The country's airline industry may have grown fast over the past 15 years, but it has scored significantly lower on the effectiveness of its safety oversight system than the global average.
The International Civil Aviation Organisation (ICAO), a United Nations agency whose standards and recommended practices (SARPs) guide its 191 member states in developing their national civil aviation regulations, has found that Indonesia scored below the global average in all eight areas it assessed during its national audit in May last year.
Among the eight areas, Indonesia scored lowest on organisation, with a score of only 17.6 per cent for "effective implementation", far lower than the global average of 64.8 per cent.
While the country scored 61 per cent in airworthiness, this is still lower than the worldwide average of 73.9 per cent.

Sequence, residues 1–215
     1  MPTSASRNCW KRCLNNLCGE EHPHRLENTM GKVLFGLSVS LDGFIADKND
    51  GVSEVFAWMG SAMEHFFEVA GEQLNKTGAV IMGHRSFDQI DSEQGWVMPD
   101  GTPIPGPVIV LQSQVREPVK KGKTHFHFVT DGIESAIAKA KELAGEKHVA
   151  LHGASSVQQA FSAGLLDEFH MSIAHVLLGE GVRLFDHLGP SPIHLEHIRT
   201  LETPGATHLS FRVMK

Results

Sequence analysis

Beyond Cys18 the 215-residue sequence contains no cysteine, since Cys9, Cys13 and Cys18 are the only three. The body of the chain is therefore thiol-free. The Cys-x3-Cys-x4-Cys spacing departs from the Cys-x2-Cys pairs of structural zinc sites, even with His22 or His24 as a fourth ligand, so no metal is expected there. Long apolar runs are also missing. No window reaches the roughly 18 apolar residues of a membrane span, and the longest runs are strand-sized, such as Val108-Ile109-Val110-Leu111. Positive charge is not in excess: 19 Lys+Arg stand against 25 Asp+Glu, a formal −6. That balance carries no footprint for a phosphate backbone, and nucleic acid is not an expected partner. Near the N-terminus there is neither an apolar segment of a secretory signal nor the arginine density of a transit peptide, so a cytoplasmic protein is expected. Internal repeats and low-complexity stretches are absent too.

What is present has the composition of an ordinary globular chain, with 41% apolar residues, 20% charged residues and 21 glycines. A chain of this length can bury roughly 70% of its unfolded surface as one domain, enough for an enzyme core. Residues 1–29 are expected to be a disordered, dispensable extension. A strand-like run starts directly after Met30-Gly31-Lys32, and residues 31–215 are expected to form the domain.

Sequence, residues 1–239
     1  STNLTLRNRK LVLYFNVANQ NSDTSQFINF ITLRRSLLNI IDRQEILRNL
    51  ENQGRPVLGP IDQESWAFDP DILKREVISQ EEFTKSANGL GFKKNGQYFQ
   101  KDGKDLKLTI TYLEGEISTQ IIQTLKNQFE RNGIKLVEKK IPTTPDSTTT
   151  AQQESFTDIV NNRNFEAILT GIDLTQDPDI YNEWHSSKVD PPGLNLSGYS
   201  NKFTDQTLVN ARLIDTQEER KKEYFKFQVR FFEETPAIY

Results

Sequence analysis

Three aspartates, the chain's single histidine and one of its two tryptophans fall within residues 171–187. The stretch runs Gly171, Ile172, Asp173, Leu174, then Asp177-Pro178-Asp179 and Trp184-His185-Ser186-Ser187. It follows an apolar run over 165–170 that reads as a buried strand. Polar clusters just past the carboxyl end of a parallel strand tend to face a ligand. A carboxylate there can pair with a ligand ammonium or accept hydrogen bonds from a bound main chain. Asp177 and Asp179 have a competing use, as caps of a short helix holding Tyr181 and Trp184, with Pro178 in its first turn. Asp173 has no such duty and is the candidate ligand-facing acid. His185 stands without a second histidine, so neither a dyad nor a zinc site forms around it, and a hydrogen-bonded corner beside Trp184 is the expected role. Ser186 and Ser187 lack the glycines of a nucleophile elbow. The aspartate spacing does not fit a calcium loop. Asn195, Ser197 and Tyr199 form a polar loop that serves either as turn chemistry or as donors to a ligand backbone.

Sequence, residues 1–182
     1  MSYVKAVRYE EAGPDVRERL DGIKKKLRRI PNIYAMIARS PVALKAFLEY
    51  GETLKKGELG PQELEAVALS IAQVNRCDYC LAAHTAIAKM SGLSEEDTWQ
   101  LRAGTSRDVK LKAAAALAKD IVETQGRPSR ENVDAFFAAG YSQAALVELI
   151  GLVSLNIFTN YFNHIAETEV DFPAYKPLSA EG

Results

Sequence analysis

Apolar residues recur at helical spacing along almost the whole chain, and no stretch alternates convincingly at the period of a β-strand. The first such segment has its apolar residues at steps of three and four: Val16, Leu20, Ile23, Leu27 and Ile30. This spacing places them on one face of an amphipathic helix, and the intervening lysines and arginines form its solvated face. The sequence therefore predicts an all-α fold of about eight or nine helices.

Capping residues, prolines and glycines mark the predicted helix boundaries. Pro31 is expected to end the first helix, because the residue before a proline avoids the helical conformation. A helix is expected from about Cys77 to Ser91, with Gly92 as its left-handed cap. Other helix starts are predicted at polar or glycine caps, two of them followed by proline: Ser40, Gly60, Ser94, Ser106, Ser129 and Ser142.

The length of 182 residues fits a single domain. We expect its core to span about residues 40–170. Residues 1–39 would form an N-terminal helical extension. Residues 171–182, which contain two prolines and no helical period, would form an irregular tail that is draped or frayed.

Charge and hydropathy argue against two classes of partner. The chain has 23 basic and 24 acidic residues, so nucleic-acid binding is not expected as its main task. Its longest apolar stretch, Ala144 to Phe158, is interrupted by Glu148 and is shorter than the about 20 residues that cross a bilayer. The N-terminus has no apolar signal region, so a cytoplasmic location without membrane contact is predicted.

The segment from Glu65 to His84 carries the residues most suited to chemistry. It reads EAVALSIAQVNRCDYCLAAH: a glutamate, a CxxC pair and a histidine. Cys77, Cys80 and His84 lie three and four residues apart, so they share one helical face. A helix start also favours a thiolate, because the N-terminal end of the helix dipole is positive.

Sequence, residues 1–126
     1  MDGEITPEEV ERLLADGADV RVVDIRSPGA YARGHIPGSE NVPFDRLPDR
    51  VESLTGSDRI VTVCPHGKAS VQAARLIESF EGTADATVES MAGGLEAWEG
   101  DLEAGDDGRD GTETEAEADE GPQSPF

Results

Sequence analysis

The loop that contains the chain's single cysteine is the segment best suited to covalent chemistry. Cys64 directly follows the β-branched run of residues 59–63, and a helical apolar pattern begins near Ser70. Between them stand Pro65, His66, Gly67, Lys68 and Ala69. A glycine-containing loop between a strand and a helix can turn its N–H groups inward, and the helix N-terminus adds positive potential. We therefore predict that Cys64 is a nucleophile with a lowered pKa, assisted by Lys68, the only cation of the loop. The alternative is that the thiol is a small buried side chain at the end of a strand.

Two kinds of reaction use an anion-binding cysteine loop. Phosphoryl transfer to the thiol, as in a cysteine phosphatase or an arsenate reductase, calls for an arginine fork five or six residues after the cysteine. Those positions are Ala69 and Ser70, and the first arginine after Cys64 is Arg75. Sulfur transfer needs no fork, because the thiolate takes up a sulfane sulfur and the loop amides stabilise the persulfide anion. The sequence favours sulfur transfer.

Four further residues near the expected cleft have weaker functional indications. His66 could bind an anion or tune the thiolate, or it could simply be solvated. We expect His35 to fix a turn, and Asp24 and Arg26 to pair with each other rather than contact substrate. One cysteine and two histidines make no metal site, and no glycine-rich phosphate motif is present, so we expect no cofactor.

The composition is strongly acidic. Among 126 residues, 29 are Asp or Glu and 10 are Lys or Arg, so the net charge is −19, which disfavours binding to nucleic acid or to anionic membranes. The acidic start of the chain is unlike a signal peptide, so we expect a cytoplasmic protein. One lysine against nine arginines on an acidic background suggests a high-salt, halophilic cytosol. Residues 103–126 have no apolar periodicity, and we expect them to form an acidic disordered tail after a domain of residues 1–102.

Although ICAO has no law enforcement authority, its audits have been widely referred to by developed countries to impose a ban on airlines from countries with poor air safety oversight.
The ICAO audit in 2007, which spotted 121 loopholes in the Indonesian air safety oversight system, for instance, partly led to the US Federal Aviation Administration (FAA) and the European Commission (EC) quickly imposing a flight ban on all Indonesian airlines, including flag carrier Garuda Indonesia, which had been struggling to rebuild its brand image after years of financial losses.
"Prior to the EC ban, there was no information forwarded to us airline operators by the Transportation Ministry, although we actually had a chance to deliver our 'defence argument'," Garuda operational director Capt.
Novianto Herupratomo said, shifting the blame to the ministry for its poor coordination with airlines.